Amy Owen was following an entirely different career path at New Mexico State University when she got her first taste of what would eventually become a full-time passion.
“I went to school for social work at NMSU and in getting my degree, they said we had to take a class outside of our major. I’ve always loved bugs, so I was like, ‘Taking an entomology class would be fun,’ ” Owen said. “I did and they had this whole section on social insects, which includes bees, of course.
“I was so fascinated, but at the same time I don’t even know what people do with that.”
Owen ended up earning her master’s degree in social work and got a job as a therapist before stepping away from that field after having kids. In 2015, she circled back to that interest when she learned about the New Mexico Beekeepers Association (NMBKA) certification program.
“Ever since then I’ve been completely obsessed with bees,” she said.
Indeed, after a stint leading the Albuquerque-based beekeeping group ABQ Beeks, Owen now serves as the vice president of NMBKA and owns her own beekeeping business, Desert Hives. Though obviously not everyone is as fully immersed in the culture as Owen, she says beekeeping has been gaining popularity in the Land of Enchantment.
“Having your own honey from your own backyard just seems amazing. But I hear a lot of people getting into beekeeping because they want to help bees,” Owen said. “There’s a lot more to it than just getting a hive if you want to help bees.
“In a very general sense, beekeeping or just bees are important for pollinating a third of the food we eat. It’s super important that we have bees, especially in agricultural areas. If you get into it, you need to have some mentors on your side and some resources available.”
That’s where the NMBKA certification program comes in handy. In New Mexico, a permit is not required – “New Mexico is kind of the Wild West when it comes to beekeeping,” Owen says – but a rookie hive owner is much better off venturing into the endeavor equipped with the proper type of knowledge.
The NMBKA certification is a two-year program that begins with classes and hands-on instruction from beekeepers before transitioning to hive ownership the second year. During that second year, which Owen calls more of an “independent study,” the burgeoning beekeeper will receive mentorship, do multiple readings and produce a report on the experience.
Of course, not everyone has the time to invest in such a program. In that case, Owen recommends the aforementioned ABQ Beeks (abqbeeks.ning.com), which includes a forum for questions and interaction with other local beekeepers.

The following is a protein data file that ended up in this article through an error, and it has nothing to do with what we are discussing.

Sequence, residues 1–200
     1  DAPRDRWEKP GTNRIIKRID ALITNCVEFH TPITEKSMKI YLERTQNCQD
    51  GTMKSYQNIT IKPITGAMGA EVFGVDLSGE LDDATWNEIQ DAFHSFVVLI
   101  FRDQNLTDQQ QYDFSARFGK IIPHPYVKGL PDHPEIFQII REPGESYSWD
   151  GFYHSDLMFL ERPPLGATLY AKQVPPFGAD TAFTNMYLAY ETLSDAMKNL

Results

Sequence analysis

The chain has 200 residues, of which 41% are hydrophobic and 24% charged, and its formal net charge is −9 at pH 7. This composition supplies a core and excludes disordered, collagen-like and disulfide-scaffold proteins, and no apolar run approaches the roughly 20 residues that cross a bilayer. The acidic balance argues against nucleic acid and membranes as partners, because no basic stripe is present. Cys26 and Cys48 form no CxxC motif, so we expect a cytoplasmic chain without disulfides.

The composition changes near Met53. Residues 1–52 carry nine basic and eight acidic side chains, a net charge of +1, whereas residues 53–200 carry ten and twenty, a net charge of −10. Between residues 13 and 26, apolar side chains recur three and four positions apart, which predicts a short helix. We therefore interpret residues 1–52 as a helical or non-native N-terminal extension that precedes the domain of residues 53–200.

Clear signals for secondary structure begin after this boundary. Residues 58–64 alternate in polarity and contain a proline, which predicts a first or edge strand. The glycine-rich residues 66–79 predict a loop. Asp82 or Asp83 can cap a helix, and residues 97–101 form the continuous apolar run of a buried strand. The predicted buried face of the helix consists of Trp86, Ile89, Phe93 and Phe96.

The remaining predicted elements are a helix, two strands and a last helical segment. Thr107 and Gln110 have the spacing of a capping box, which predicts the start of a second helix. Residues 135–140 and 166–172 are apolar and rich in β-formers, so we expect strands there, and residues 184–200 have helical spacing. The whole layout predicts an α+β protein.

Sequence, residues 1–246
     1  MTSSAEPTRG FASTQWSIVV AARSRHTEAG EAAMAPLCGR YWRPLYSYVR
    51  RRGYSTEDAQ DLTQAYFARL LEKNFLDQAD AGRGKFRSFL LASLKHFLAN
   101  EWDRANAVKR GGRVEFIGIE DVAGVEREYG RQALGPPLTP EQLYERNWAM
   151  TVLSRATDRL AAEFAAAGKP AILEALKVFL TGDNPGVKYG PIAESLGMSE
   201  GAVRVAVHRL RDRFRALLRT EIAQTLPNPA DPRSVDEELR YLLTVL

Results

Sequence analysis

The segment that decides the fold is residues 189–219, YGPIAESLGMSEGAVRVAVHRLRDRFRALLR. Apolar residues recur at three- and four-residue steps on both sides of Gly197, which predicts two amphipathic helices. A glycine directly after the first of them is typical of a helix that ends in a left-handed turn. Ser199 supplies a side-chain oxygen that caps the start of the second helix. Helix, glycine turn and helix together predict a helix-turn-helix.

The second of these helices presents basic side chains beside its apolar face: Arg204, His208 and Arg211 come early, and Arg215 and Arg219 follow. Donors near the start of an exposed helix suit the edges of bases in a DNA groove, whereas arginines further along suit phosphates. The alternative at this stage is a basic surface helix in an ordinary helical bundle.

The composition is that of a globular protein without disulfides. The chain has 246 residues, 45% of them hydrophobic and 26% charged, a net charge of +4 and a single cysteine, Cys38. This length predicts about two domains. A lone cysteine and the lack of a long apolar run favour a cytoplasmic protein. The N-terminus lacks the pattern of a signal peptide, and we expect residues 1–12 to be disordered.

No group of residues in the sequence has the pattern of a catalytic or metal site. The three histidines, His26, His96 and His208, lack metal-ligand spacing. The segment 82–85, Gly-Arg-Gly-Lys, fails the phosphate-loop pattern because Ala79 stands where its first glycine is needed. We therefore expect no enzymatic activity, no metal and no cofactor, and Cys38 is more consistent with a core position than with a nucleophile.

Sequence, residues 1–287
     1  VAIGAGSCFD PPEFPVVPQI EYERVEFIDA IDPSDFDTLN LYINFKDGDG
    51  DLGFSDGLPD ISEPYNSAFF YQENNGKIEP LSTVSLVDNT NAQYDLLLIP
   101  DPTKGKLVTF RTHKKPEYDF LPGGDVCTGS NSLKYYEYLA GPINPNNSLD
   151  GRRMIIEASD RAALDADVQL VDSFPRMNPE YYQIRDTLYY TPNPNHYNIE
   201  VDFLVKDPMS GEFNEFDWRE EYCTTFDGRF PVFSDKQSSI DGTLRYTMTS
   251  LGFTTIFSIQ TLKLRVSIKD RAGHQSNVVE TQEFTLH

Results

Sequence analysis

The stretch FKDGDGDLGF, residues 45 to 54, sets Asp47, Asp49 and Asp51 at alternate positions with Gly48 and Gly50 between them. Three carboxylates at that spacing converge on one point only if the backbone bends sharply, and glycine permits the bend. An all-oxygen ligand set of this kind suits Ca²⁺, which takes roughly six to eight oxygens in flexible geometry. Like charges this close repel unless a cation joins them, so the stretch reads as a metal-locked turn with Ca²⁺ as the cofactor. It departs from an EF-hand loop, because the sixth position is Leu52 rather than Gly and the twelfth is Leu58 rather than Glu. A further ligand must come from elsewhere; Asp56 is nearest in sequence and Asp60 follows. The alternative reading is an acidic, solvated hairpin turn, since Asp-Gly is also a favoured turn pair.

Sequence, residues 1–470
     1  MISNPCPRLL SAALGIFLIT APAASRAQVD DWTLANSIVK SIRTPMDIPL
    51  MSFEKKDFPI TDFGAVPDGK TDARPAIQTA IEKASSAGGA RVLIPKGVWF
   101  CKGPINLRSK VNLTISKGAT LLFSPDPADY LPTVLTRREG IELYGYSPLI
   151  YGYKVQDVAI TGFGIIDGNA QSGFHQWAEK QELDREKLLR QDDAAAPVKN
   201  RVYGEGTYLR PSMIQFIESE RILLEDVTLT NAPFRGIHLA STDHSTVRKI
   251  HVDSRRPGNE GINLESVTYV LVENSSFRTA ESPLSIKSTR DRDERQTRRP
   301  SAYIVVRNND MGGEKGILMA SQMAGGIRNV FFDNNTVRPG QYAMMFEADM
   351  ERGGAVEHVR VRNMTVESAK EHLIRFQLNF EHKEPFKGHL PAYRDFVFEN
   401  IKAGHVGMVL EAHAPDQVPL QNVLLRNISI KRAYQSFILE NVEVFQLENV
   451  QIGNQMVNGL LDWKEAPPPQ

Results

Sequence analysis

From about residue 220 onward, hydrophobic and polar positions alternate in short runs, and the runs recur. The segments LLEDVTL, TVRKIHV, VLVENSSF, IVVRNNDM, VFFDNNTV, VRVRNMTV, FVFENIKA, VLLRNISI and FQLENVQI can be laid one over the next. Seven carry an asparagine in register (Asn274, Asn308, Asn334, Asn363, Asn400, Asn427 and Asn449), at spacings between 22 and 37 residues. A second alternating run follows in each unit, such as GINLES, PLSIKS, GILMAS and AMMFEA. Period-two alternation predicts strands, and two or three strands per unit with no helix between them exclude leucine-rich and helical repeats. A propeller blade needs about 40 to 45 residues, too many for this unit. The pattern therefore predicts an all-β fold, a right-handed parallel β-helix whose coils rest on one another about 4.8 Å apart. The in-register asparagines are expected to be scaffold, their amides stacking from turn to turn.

“I think one of the big misconceptions is that (beekeeping is) easy, that you can just get a hive and put it in your yard and expect it to produce a lot of honey and survive through the winter,” Owen said. “In reality, it takes a lot of skill and knowledge to keep them healthy and get them through the winter. In a lot of areas of New Mexico, you just aren’t gonna get a good honey crop. You have to be by a good source of water to get a steady nectar flow to get a lot of honey.”
Outside of the initial components of the hive, aspiring beekeepers will need only a minimum amount of equipment: a veil or a full bee suit; a smoker and a hive tool, a multipurpose instrument used for inspecting and removing unwanted elements from the hive. The bees themselves usually tend to come from the Land of Enchantment, though others order different species from out of state such as Italian bees, Carniolan bees or Russian black bees.
“I think what people don’t realize in North America we have over 2,000 native species of bees,” Owen says. “New Mexico has many of those, because desert areas have a higher diversity of bees that we also need to support because they pollinate all the native plants and keep them going.”
While beekeeping might appear to be a dangerous pursuit, Owen claims that unless one has allergies, it’s quite safe with the proper knowledge. In fact, the bees themselves might be more at risk than the owners, which is why proper care is critical.
“The ironic thing is if you get into beekeeping and you don’t do it properly, you can actually harm bees more than help with the population decline,” she says. “If you’re not testing for mites or treating or getting good genetics in your hives, you can actually cause harm.”